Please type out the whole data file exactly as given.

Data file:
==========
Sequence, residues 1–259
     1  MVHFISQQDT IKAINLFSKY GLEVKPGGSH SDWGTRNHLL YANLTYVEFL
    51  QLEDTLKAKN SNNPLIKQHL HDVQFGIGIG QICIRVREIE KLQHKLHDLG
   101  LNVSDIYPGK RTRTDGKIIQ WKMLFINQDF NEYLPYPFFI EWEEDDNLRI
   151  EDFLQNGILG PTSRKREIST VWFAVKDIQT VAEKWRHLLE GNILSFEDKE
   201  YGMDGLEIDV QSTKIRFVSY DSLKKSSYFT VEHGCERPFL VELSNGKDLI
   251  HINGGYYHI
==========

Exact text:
Sequence, residues 1–259
     1  MVHFISQQDT IKAINLFSKY GLEVKPGGSH SDWGTRNHLL YANLTYVEFL
    51  QLEDTLKAKN SNNPLIKQHL HDVQFGIGIG QICIRVREIE KLQHKLHDLG
   101  LNVSDIYPGK RTRTDGKIIQ WKMLFINQDF NEYLPYPFFI EWEEDDNLRI
   151  EDFLQNGILG PTSRKREIST VWFAVKDIQT VAEKWRHLLE GNILSFEDKE
   201  YGMDGLEIDV QSTKIRFVSY DSLKKSSYFT VEHGCERPFL VELSNGKDLI
   251  HINGGYYHI